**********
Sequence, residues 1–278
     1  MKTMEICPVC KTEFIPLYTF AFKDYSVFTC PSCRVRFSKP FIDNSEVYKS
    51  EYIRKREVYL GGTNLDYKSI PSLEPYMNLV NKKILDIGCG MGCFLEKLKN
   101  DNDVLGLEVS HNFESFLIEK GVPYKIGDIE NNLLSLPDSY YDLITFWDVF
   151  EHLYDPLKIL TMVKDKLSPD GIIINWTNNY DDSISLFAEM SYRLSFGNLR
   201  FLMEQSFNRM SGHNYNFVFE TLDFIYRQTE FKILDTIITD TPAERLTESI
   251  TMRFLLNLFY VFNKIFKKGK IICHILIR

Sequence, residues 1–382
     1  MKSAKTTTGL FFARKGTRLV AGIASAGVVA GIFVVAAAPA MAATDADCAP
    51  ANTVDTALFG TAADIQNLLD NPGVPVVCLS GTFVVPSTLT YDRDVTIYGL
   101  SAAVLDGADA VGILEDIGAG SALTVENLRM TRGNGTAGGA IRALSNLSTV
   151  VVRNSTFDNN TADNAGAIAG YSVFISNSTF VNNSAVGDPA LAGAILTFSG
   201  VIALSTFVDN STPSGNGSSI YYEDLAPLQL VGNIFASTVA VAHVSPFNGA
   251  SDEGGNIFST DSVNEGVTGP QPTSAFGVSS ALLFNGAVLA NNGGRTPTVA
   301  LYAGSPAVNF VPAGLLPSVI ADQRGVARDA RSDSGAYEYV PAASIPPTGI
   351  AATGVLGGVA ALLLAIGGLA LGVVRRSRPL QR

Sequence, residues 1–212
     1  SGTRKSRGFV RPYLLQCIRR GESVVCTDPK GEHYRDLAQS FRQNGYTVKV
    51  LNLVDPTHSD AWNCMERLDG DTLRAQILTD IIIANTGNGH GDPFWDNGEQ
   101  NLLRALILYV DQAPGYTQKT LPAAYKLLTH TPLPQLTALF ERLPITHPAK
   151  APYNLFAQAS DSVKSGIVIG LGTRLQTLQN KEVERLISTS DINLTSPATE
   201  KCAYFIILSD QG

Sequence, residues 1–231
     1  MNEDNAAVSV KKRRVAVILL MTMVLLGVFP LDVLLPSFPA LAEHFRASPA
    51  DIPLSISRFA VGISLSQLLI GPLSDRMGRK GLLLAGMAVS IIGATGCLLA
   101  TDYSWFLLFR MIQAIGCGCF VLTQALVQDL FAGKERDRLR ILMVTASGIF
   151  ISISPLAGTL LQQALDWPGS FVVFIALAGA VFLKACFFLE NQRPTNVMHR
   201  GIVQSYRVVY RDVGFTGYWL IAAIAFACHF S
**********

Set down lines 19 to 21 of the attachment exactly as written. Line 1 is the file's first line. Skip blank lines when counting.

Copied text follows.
    51  LNLVDPTHSD AWNCMERLDG DTLRAQILTD IIIANTGNGH GDPFWDNGEQ
   101  NLLRALILYV DQAPGYTQKT LPAAYKLLTH TPLPQLTALF ERLPITHPAK
   151  APYNLFAQAS DSVKSGIVIG LGTRLQTLQN KEVERLISTS DINLTSPATE